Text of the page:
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St. Louis Cardinals’ Lou Brock, ‘The Greatest Base-Stealer Ever Known’, Dead at 81

Lou Brock, the St. Louis Cardinals’ Hall of Fame outfielder who “became the greatest base-stealer the major leagues had ever known,” died on Sunday at age 81, reports The New York Times.

By the end of his 1961-1979 career, Brock held a batting average of .293, had hit 149 home runs and had scored 1,610 runs. But his speed and base-stealing prowess remain the hallmarks of his career.

Lou BrockLou Brock

According to the Times, Brock didn’t play organized baseball until he received an academic scholarship to Southern University in Baton Rouge, Louisiana where he earned a spot on the team. It was there that he captured the attention of a Chicago Cubs scout and was signed onto the team, making his major leagues debut in 1961.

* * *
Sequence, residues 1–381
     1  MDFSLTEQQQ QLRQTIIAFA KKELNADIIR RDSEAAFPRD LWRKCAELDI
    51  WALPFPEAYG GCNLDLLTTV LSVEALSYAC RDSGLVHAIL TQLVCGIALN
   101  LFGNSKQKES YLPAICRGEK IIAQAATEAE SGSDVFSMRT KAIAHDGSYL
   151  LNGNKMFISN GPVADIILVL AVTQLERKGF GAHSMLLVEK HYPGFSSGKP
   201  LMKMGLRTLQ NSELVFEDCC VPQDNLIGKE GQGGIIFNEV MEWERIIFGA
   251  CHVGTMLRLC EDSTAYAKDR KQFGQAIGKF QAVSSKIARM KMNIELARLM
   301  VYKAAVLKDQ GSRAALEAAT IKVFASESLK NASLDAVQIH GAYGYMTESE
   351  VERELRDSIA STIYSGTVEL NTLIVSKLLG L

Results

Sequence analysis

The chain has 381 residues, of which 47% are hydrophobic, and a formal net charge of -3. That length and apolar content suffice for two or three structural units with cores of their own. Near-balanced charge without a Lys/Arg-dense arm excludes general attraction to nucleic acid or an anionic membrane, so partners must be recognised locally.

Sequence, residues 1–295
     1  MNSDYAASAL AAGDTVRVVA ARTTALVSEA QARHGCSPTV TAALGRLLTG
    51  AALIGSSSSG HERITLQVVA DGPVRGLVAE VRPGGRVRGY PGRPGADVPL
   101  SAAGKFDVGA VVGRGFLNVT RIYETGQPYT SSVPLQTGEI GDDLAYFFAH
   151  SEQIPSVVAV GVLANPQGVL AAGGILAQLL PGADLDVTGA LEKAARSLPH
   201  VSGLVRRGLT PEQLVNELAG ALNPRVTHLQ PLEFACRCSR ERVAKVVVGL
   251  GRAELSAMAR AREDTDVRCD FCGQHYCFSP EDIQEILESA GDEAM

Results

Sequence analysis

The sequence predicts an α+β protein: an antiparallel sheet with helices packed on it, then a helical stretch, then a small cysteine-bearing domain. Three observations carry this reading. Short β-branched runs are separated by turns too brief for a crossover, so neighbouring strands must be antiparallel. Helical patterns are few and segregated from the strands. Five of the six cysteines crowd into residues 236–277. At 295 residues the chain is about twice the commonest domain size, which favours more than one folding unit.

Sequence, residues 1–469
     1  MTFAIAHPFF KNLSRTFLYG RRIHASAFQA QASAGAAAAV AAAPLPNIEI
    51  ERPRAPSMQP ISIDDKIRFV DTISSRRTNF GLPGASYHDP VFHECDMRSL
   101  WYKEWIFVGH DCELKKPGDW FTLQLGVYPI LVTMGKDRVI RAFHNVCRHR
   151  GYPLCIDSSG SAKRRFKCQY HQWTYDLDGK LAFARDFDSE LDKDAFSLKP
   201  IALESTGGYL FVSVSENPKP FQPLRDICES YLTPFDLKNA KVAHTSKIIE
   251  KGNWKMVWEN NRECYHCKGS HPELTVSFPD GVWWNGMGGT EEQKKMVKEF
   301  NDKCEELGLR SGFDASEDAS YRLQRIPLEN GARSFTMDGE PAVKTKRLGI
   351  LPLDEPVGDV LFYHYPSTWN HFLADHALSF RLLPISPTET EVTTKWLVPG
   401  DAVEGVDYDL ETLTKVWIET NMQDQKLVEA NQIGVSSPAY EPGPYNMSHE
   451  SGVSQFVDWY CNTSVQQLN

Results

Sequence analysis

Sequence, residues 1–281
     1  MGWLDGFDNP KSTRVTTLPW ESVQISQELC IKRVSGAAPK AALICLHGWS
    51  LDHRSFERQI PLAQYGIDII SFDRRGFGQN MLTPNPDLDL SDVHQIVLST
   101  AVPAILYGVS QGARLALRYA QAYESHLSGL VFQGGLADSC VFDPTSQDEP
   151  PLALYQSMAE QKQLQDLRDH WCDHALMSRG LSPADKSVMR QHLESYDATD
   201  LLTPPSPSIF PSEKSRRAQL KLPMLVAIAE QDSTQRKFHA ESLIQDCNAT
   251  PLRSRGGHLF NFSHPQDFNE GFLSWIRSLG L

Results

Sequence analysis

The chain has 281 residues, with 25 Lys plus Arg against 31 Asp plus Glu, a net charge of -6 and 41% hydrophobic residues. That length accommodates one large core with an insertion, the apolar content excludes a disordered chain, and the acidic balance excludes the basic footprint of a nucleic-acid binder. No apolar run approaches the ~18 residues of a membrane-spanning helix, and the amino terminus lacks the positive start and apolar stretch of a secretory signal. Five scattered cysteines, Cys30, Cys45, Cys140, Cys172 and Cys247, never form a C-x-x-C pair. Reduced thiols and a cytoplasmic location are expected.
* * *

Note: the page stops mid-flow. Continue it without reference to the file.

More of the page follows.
But under the Cubs’ watch, Brock’s speed went largely untapped as the team was “reluctant to turn him loose” on the bases. Over his first two seasons, he hit only a combined .260 average.

In 1964, the Cubs lost hope in Brock and traded him for one of National League’s leading pitchers Ernie Broglio, in an agreement with the St. Louis Cardinals, who saw potential in Brock’s speed. It was “one of the most one-sided trades in baseball history, but hardly in the way that many envisioned,” writes the Times.

While Borglio won only seven games over the next two and a half seasons and then retired, Brock propelled the Cardinals to the 1964 World Series championship “and went on to turn around games year after year with his feet and his bat.” Over his career, he helped the Cardinals to three pennants and two World Series championships, and was elected to the Baseball Hall of Fame in 1985. The team retired his No. 20 and a statue in his honor stands outside Busch Stadium.

Born to a family of sharecroppers who picked cotton in El Dorado, Arkansas, Brock later recalled the inspiration he felt at age 9 when he heard that Jackie Robinson had broken Major League Baseball’s color barrier over the radio. “I felt pride in being alive,” he said. “The baseball field was my fantasy of what life offered.”

He is survived by his third wife, children, stepchildren and grandchildren.

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